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Opinion Editorials

Don’t ask for company feedback if you won’t provide interview feedback

(EDITORIAL) It takes a lot for a candidate crushed by rejection to ask for interview feedback. If you won’t provide feedback, don’t ask it for it either.

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We all know the Golden Rule: treat others the way you want to be treated. This is also true in different iterations.

One such iteration is to never ask someone to do something you wouldn’t be willing to do yourself. This was the topic of conversation on a Reddit thread where a user shared a form email response to their job application.

The email was to inform the user that they didn’t get the job and it was topped off with, “due to the large number of applicants, we are unfortunately unable to provide individual feedback on your application.” In short, we don’t want you, and we won’t explain why.

The screenshot next to this form response was another form email from the same company, this time asking the applicant for their time in a five-minute survey to provide feedback to the talent acquisition team.

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So, they’re not going to hire the person, they won’t tell them why, and they have the nerve to ask for a favor?

Don’t be this company.

If you won’t take the time to give feedback when asked, don’t ask for feedback. It’s that simple.

That’s essentially the same as telling a friend you can’t help them move (for no good reason) and then asking shortly down the line that they help you move. It’s a bit of a slap in the face.

Now, I’m not saying every company should offer feedback on each applicant. There’s simply not enough time in the day for that. Just don’t ask for what you won’t give.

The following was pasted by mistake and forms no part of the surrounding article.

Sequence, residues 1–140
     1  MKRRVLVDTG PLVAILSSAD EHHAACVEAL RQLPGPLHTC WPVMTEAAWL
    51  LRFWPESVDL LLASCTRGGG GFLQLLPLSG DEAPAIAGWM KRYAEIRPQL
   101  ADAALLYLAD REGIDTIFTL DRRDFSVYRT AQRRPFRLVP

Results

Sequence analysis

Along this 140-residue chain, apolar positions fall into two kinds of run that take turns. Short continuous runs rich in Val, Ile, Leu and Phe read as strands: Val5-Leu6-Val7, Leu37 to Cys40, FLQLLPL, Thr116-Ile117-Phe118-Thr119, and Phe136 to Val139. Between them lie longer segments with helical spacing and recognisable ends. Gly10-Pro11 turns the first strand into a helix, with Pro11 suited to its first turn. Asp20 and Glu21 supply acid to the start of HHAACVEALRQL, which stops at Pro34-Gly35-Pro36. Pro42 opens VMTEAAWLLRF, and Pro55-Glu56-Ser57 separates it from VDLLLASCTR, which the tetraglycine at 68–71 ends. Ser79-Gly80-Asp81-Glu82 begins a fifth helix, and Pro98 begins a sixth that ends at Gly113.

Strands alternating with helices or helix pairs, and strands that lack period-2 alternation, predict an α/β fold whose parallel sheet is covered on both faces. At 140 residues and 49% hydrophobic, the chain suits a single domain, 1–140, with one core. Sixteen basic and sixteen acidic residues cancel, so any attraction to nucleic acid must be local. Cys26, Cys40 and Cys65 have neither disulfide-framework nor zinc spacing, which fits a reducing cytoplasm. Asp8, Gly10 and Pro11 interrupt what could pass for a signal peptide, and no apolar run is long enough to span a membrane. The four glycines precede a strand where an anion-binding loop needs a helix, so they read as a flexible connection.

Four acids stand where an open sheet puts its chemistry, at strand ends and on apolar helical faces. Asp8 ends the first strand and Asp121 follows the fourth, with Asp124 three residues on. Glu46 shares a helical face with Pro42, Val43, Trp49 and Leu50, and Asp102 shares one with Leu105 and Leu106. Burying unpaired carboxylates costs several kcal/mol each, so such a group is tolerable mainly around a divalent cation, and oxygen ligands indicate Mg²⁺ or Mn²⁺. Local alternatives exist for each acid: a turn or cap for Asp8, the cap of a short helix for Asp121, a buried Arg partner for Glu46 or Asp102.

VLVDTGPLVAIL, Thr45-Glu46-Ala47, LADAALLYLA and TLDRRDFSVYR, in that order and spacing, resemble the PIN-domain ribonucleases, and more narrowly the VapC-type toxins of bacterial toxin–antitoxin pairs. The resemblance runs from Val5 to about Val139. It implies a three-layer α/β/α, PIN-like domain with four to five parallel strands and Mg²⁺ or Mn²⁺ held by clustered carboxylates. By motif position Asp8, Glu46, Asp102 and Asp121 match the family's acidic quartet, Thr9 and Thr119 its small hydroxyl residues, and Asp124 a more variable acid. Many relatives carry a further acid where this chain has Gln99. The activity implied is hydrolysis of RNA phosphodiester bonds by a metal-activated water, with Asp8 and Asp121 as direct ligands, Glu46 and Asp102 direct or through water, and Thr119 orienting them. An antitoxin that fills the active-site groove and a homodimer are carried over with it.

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With situations like this where you apply for a position online and an unknown number of other applications are flooding in, the reason you didn’t get the job could be as simple as there was someone better suited by 0.0001 percent.

The best time to request feedback in this process would be in an actual interview setting, where you ask the employer if there’s anything on your resume or application that they’d like you to expound on. Don’t explicitly ask for “application feedback” as that comes off unprofessional.

Finding the right person for the role is a process and something that should be treated with prioritization. However, it’s not the time to get feedback you can boast on your Glassdoor page unless you’re taking the time to dish it out yourself.

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Staff Writer, Taylor Leddin is a publicist and freelance writer for a number of national outlets. She was featured on Thrive Global as a successful woman in journalism, and is the editor-in-chief of The Tidbit. Taylor resides in Chicago and has a Bachelor in Communication Studies from Illinois State University.

1 Comment

1 Comment

  1. Mark Bergman

    May 27, 2022 at 2:25 pm

    A job applicant is lucky to get a rejection today. The hiring world has about as much civility and consideration as partisan politics. I’m not referring to the unacknowledged applications. I’ve found companies that interview and then ghost the applicant. Centralized and automated talent acquisition allows manager to hire cronies and never close out job requisitions. I’ve experienced the post interview ghosting by several major companies that claim to value their employees. Vail Resorts is notorious for this.

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